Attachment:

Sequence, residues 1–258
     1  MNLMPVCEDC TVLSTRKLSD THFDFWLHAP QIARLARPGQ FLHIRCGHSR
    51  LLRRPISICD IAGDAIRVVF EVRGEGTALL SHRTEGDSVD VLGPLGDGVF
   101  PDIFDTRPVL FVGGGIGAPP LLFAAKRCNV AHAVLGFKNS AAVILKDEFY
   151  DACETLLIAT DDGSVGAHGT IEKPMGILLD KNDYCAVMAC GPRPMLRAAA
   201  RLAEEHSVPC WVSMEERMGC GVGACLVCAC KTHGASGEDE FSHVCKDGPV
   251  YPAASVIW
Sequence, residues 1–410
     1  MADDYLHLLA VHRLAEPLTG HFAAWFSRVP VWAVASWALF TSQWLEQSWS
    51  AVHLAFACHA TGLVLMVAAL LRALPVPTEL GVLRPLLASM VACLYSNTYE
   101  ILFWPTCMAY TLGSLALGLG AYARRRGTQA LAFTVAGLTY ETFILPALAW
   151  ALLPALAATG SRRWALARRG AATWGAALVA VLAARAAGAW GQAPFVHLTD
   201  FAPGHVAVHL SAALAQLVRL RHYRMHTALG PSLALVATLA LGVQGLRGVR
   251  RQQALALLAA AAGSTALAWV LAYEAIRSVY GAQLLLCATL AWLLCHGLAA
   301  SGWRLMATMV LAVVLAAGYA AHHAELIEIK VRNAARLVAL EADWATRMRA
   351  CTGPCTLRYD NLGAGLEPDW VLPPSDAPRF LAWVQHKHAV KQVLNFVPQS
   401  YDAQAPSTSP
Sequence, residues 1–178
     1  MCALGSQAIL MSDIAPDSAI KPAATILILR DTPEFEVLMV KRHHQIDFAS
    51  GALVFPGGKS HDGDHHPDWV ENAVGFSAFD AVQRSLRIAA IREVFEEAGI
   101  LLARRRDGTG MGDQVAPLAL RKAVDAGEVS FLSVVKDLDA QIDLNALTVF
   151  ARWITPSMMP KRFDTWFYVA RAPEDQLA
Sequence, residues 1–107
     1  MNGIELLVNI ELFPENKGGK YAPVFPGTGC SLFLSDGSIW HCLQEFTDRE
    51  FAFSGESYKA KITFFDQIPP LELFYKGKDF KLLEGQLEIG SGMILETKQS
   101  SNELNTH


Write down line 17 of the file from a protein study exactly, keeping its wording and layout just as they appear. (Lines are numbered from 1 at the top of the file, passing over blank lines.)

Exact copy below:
   401  YDAQAPSTSP